Ancient Shiloh was a religiously significant city in Samaria that was Israel’s spiritual center during the times of the Judges. Dating back over 4,000 years; the ancient city was first settled in the 18th century BC (Middle Bronze II) and became the first capital of the Israelite Kingdom. Ancient Shiloh was also the site of the Tabernacle (Mishkan) and housed the Ark of Covenant; Altar of Incense; Table of Showbread, and Golden Lampstand until King Solomon built the First Holy Temple in Jerusalem.
Ancient Shiloh: History and Archeology
Situated 25 miles from Jerusalem in the West Bank; Shiloh is mentioned in the Hebrew Bible and Christian Old Testament and is one of the most important heritage sites in Israel. Jews performed aliyah l’regel (pilgrimage) to ancient Shiloh for 369 years until the Ark of the Covenant was stolen by the Philistines and the city was destroyed.
An impressive array of archeological items has been uncovered at the site. In fact, some dating back to 1750 BCE; including Tel Shiloh which had artifacts from the Canaanite and Israelite eras. Remains from the Roman and Persian as well as Early and Late Muslim periods have been discovered; including glacis; pottery; weapons; and other objects.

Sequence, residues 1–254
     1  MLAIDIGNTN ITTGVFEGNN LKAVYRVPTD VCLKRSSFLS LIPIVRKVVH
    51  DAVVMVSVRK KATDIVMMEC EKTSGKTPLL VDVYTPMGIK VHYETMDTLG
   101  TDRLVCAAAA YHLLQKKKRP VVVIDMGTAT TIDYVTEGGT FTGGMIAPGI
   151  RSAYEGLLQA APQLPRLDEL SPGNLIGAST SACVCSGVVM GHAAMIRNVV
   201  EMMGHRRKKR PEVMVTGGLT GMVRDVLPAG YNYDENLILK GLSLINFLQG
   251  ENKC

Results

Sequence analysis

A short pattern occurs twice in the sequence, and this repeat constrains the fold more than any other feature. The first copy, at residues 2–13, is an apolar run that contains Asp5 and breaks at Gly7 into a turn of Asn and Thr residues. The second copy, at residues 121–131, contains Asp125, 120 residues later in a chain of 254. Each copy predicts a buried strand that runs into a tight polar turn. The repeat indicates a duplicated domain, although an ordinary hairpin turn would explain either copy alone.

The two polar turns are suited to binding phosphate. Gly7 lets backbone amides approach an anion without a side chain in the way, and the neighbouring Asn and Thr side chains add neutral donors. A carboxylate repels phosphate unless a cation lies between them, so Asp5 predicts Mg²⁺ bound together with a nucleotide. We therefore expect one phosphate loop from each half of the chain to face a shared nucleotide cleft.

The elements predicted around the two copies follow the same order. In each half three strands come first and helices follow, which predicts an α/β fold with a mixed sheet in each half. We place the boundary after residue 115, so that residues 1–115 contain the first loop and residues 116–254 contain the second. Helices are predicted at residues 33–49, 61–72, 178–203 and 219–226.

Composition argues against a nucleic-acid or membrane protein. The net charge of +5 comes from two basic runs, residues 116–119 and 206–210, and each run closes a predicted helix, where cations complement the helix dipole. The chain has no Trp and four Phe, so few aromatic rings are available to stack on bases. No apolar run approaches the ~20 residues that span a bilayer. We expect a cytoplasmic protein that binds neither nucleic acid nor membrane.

Modern-day Shiloh was established in 1978 on the south and east side of Tel Shiloh and the ancient site and features a beautiful synagogue built to resemble the ancient Mishkan (tabernacle).
Visiting Ancient Shiloh
Today, Shiloh is sacred to three religions – Jewish, Christian, and Muslim – and is a popular destination for pilgrims and tourists from all over the world.
The ruins of Shiloh are part of an archaeological park known as “Ancient Shiloh” and offer several fascinating experiences for visitors. The park is home to several historic structures and archaeological remains that shouldn’t be missed. For example, the site of the Tabernacle; the Dome of the Divine Presence; and a Byzantine Basilica, and an open pool. Other interesting remains include a mosque from the Ottoman period known as Jamia el Yeteim; which features beautifully preserved mosaics, a fortified Roman building, an olive press, and two wine presses.
So located on the bottom of the new Seer’s Tower is the Days of Shiloh museum, which boasts fascinating displays of archaeological discoveries found at the site, such as Shiloh inscriptions, pottery, and jars, and other artifacts.
Likewise, you can enjoy a captivating light and sound show that gives a unique insight into life in the days of the Tabernacle in Shiloh; as well as archeological digs and tours; and crafting workshops.